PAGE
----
Little Princes by Conor Grennan

Subtitled “One Man’s Promise to Bring Home the Lost Children of Nepal”, Grennan details how he came to start Next Generation Nepal, an organization committed to returning trafficked children to their parents and rural communities. I had no idea Nepal was engaged in civil war from 1996 to 2006 until reading this book.

Apparently, in order to protect their children from Maoist rebels, many parents would sell everything they had to raise enough money to pay people to take their children to safety. In return, they were promised their children would be given shelter, food, and an education along with information updating them on their progress.

Instead, many of children Grennan came to know through his volunteering stint at the Little Princes Orphanage were dumped their by child traffickers and presented as orphans. Others were crowded into small rooms and starved after the traffickers received payment for their services.

Much of this book is ‘me’ oriented; focusing on how Grennan felt and his actions rather than about the kids. I didn’t find this a problem since it is a memoir except for the part where he delves into great detail about the blond internet pen-pal who becomes his wife. He goes on and one about how she, a born-again Christian, spurs him to start reading the Bible. This had absolutely nothing to do with the kids, nothing to do with his promise to reunite them with their families. A total distraction.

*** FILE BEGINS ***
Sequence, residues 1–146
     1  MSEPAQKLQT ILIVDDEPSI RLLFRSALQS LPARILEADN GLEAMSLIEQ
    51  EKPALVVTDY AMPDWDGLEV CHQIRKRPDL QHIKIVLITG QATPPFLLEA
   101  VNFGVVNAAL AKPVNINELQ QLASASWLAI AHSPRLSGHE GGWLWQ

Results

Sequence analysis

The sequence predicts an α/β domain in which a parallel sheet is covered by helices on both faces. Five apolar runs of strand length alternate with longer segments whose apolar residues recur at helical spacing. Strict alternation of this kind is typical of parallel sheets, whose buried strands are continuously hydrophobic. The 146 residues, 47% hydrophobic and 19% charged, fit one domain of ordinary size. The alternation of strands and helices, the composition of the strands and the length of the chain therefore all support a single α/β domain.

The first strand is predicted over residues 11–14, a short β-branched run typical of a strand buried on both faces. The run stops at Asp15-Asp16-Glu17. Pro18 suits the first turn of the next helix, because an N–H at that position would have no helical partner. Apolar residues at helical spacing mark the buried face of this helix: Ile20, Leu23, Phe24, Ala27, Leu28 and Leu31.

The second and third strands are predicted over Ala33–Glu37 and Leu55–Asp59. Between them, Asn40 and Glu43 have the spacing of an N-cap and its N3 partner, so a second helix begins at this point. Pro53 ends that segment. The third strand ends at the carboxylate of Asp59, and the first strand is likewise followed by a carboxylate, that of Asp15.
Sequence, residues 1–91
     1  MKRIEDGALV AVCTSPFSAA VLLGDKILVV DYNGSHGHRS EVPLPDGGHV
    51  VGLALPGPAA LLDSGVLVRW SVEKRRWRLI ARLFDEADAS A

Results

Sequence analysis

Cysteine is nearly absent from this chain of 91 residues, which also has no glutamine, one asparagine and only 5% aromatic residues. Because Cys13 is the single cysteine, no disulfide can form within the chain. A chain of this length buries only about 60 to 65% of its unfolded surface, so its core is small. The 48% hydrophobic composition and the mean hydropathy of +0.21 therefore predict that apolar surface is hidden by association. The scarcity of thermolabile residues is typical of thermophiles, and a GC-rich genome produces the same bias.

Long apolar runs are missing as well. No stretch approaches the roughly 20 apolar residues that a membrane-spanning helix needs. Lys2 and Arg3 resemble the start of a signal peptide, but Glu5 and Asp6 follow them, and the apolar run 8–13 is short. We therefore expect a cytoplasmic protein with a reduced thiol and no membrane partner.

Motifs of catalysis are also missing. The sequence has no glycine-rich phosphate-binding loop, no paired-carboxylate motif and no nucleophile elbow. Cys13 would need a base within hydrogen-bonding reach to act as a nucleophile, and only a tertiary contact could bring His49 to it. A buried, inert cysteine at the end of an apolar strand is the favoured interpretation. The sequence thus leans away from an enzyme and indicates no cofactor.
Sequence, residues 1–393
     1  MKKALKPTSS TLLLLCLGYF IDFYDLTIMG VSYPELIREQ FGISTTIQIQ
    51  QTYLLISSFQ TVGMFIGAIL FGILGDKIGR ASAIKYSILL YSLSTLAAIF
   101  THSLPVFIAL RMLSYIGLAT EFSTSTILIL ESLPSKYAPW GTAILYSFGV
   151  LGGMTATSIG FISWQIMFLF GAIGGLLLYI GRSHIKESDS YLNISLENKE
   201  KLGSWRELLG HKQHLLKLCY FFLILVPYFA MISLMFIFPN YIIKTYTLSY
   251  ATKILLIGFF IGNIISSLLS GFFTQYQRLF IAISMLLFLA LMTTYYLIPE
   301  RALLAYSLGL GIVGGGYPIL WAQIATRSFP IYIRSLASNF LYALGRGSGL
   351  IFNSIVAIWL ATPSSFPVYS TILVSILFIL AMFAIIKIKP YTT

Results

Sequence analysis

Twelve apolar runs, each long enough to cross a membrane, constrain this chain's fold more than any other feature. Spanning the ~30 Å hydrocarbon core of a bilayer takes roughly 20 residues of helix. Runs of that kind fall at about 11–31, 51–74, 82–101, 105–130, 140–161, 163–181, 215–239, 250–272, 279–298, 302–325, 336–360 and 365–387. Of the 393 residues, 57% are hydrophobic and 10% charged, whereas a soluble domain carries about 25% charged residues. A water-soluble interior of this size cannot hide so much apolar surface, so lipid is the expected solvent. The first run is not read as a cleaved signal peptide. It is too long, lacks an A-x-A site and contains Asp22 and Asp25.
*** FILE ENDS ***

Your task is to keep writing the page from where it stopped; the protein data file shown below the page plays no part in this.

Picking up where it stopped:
It’s still a very inspirational book. The man literally travels across the country to reunite these children traversing strenuous terrain (remember, Nepal is home to Mt. Everest) and moving across dangerous Maoist strongholds to reach the homes of these children.

Others’ Thoughts:

Book Mentioned:

  • Grennan, Conor. Little Princes: One Man’s Promise to Bring Home the Lost Children of Nepal. New York: William Marrow, 2010. Print. 294 pgs. ISBN: 9780061930058. Source: Library.
Book Cover © William Marrow. Retrieved: July 30, 2011.
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2 thoughts on “Little Princes by Conor Grennan

  1. While the topic sounds fascinating, I can’t say I’d be too interested in a “me oriented” perspective. I’d probably get more frustrated wanting to hear more about the children and less about his personal story. This would be a book I’d borrow and skim. Nice review!

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